Thirdly and most importantly, we must bring these practices from these politically-charged spaces into everyday life - into our schools, our workplaces, our clubs and parties, and even our family homes. In Style Like U, Alok Vaid-Menon talks about how transmisogyny infiltrates every aspect of our social spaces, and how most responses to trans feminine people are shallow compared to the structural problems we face.
“The very core of transmisogyny is that we’re masquerading as something we’re not. We’re seen as worthy of our violence because we’re inauthentic and wearing dresses and makeup to trick people. At a party everyone tells us how fashionable and cool we are, but no one asks us how we’re getting home or stands up for us when we’re getting street harassed."
When I flirt and use online dating, this attitude is most prominent. Straight men who swipe right on everyone will accuse me of tricking them, and those who still view me as a woman will still not want to be seen in public with me.
They know they will experience oppression due to their association with us, whether it’s a questioning of their sexuality as means to misgender us or through assumptions they are also transgender and feminine. It doesn’t matter if a straight man dates a transgender woman, or if he realises he’s bisexual or transgender due to dating one, but transmisogyny aims to isolate and separate us away from as much of society as possible.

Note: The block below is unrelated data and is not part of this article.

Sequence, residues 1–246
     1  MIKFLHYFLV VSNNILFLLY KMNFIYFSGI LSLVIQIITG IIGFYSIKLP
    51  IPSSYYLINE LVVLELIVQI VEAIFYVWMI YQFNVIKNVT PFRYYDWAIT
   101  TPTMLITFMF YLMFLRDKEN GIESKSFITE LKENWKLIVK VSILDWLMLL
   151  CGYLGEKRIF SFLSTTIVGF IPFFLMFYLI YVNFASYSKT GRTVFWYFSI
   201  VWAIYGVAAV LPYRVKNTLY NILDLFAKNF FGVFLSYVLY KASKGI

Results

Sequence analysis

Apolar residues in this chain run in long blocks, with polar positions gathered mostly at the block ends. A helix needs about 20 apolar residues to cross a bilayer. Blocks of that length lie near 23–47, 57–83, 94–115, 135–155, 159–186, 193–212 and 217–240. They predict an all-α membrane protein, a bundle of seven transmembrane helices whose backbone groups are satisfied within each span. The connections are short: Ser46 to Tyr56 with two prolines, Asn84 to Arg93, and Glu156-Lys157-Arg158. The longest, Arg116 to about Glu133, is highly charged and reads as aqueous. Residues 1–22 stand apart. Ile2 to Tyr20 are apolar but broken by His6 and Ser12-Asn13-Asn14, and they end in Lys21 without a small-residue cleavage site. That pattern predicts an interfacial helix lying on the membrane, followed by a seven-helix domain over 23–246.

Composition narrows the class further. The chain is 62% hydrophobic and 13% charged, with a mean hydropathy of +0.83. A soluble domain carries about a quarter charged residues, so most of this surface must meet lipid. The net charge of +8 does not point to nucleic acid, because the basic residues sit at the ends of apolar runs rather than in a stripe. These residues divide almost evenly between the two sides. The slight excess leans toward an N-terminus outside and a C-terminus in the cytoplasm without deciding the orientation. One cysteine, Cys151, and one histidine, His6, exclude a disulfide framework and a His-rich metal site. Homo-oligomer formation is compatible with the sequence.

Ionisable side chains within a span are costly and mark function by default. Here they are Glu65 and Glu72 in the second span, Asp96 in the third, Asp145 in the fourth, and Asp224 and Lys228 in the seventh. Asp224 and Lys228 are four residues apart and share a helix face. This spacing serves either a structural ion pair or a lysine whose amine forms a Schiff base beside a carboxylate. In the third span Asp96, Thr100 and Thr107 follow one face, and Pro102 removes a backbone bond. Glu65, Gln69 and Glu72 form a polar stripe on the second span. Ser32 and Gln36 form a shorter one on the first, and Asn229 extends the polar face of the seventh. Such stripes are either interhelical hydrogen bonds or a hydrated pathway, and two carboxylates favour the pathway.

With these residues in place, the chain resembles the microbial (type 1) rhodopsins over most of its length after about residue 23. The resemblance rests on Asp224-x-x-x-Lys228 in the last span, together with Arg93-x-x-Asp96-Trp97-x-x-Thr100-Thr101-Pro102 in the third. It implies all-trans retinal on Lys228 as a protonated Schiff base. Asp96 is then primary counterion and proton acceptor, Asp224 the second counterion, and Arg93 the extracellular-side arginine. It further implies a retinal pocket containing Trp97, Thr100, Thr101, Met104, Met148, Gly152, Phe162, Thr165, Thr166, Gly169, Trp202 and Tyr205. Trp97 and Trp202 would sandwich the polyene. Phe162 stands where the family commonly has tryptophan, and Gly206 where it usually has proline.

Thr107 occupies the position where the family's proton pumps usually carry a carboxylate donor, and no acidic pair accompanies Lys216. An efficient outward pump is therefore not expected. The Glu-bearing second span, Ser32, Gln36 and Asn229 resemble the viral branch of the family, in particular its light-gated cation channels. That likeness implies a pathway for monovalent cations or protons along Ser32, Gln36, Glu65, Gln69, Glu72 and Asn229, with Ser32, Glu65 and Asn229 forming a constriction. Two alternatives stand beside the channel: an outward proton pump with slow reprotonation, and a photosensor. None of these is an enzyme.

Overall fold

Unfortunately, most reactions against transmisogyny are symbolic and two-dimensional, and act as a form of advertisement rather than as a solution of root issues. A key part of supporting trans women is to move past visual aspects in how they look, and engaging deeply at acceptance into gender advocacy spaces even if they have little understanding of feminism or trans politics. By putting in the energy to include, support and engage us, you will erode the knowledge and power hierarchies which transmisogyny creates.
This is not easy to do in every aspect of your life, but eventually must become normalised as an issue to engage with. Whether it’s at family gatherings, or in our media, or amongst our workplaces, we must find ways to bridge the academic, politically-charged organising and bring these movements to the ignorant in casual and accessible ways.